Friday, August 30, 2013

Throwing Muses - "sleepwalking-1" and "Sunray Venus"

A new Throwing Muses song should be regarded with at least as much fanfare as a new Pixies song. I guess the difference is "sleepwalking-1" is actually good and holds up with the best of the Throwing Muses back catalog. Throwing Muses broke up in 1997 because touring wasn't financially viable, but came back in 2003. Since then they've been pretty silent, but on November 11 they will be releasing their new album, Purgatory/Paradise. Ok, it's not really just an album. In keeping with the tradition of Kristin Hersh's solo work, it's being packaged with an art book. And the album is 32 tracks long. I guarantee not a single one will be as disappointing as "Bagboy." You can listen to the first song, "sleepwalking-1" below. You can also stream a 2nd song, "Sunray Venus," over at their website.

You can FINALLY hear some remastered tracks from The Lemonheads upcoming reissues

Almost a full year ago, Fire Records announced they were reissuing the criminally long out of print first three Lemonheads albums, Hate Your Friends, Creator, and Lick. Since then, there has been virtually no information released. Are there gobs of previously unreleased tracks and/or alternate versions of songs? Or is it just a straight remaster with maybe an extra song on the end? In the day of bands announcing a new album on their website with a link to download that album immediately, a year is an excruciatingly long time to wait. This week, Fire Records posted some of the remastered tracks on Soundcloud, which shows that this is actually happening. Listen to the 5 tracks here.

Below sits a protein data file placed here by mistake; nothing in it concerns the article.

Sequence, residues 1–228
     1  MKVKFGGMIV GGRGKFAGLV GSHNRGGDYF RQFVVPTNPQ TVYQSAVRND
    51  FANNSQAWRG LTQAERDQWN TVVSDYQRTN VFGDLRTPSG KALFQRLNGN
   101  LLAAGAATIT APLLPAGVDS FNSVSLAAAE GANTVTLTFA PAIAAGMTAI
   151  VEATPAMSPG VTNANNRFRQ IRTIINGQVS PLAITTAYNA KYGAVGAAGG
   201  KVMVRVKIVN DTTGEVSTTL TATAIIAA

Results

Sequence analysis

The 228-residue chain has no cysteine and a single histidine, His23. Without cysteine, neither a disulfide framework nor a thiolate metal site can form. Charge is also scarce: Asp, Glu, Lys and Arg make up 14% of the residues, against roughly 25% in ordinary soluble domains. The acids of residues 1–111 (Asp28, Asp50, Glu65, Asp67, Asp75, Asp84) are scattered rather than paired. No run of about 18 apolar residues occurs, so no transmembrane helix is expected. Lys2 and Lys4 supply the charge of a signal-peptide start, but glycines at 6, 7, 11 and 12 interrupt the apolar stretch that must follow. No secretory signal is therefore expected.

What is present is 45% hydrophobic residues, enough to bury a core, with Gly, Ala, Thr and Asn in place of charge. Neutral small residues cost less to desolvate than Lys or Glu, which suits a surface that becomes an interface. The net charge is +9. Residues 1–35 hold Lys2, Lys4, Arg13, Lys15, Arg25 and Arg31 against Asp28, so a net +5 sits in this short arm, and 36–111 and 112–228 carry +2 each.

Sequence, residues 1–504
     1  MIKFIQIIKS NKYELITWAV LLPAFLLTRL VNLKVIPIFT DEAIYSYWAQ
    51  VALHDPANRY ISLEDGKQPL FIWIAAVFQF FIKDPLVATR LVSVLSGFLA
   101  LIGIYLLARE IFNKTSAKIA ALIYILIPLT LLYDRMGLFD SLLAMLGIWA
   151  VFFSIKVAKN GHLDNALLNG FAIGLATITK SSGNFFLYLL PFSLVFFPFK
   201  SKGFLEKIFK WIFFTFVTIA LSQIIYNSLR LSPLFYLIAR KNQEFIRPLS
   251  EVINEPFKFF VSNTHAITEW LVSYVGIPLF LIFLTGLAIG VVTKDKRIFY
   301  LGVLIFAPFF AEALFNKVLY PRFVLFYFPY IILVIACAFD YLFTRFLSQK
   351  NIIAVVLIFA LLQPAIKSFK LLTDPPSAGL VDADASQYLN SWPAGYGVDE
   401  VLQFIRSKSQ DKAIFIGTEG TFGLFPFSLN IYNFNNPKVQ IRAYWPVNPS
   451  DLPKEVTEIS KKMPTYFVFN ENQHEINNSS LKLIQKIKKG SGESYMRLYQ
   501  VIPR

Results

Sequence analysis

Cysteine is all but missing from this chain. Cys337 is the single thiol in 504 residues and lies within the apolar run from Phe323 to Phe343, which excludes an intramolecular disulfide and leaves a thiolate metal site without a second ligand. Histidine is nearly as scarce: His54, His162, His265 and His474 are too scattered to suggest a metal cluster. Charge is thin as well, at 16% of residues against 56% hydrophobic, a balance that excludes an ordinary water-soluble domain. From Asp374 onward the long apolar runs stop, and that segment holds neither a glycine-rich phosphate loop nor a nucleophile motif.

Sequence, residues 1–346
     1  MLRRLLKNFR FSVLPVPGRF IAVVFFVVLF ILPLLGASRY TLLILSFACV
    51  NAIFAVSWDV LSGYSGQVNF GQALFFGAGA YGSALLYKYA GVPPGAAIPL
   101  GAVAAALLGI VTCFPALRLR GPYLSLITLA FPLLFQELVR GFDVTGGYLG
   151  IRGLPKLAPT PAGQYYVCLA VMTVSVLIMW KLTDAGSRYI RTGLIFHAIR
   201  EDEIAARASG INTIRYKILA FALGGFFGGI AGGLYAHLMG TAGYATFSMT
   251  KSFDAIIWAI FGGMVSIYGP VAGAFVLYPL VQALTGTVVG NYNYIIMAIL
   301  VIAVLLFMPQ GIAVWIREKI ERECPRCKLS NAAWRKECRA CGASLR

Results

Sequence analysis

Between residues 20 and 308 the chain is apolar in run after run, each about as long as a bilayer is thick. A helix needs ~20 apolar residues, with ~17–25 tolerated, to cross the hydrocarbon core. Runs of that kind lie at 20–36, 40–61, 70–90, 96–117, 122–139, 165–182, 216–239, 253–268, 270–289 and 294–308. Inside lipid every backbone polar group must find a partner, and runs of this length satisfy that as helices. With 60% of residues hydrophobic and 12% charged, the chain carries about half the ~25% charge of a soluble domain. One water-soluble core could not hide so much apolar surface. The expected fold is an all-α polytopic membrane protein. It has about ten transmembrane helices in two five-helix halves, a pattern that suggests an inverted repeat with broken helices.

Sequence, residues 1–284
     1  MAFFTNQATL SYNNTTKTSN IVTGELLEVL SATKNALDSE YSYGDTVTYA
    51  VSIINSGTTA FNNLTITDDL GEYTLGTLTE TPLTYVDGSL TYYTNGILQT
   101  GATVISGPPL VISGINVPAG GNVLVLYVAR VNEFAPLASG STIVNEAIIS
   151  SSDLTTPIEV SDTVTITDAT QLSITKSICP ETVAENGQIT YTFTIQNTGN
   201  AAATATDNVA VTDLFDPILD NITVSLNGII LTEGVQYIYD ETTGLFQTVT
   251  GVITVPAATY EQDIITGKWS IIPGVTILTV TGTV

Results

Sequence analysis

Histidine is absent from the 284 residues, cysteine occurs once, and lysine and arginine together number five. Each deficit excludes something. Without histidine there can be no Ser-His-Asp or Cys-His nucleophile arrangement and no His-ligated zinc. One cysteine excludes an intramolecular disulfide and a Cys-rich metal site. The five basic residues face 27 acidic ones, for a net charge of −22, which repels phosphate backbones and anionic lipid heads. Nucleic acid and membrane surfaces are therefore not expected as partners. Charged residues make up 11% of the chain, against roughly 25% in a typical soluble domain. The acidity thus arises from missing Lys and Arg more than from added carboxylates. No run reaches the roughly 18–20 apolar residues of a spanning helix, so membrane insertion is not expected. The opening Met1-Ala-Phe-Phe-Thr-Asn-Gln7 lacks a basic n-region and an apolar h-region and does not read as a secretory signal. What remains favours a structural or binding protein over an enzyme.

Thursday, August 29, 2013

Free EP: Sally Shapiro/Johan Agebjörn Remixes

Paper Bag Records announced the free download of an album of remixes from European dance pop queen Sally Shapiro and Johan Agebjörn. Titled Sweetened, I have no idea how long this will be available for free, but the album has thirteen tracks of remixes, such as Shapiro taking on Young Galaxy and Little Boots.

If you're into remixes and aren't familiar with Sally Shapiro yet, this is a great opportunity to dive in. If you're already a fan of either of these artists, chances are you're probably diving at anything they put out anyway, so go and grab it:

Johan Agebjörn/Sally Shapiro - Sweetened

Wednesday, August 28, 2013

YACHT featuring Marc Maron - "Party at the NSA"

For the most part, I just don't get the current indie dance scene. I'm not saying it's all bad and worthless, I just don't get why anyone cares. Before this song, I've never paid any attention to YACHT. The only reason this song landed on my radar is my obsession with Marc Maron and his WTF podcast. After seeing him play guitar in a Postal Service video, YACHT asked Maron to play on their new anti-NSA song, "Party at the NSA." The song reminds me of Bis mixed with X, which is not a bad thing at all. Including Maron initially sounded like a gimmick to get more press, but Maron is actually one hell of a guitar player. All proceeds for the song go to the Electronic Frontier Foundation, which is leading the fight against the NSA and patent trolls. I might have to rethink my stance on indie dance bands.

First Listen: New Releases for August 27

After last week's deluge, things have slowed down a little bit with the new releases, but it hasn't stopped a few interesting things from dropping this week.

Franz Ferdinand - Right Thoughts, Right Words, Right Action: If you told me at any point in the last 8 years that I would like another Franz Ferdinand song, never mind album, after things went downhill following "Do You Want To," I would have laughed at you. It turns out that the new album is a stunning return to form, and one that does not feel old or derivative at all. The first time through, it doesn't sound like there's a clunker on the album - we're back to the party atmosphere that the first album and a half or so made us love from them to begin with. I don't know at this point whether I'm grading on a curve, but this is a welcome surprise from a band I had basically written off.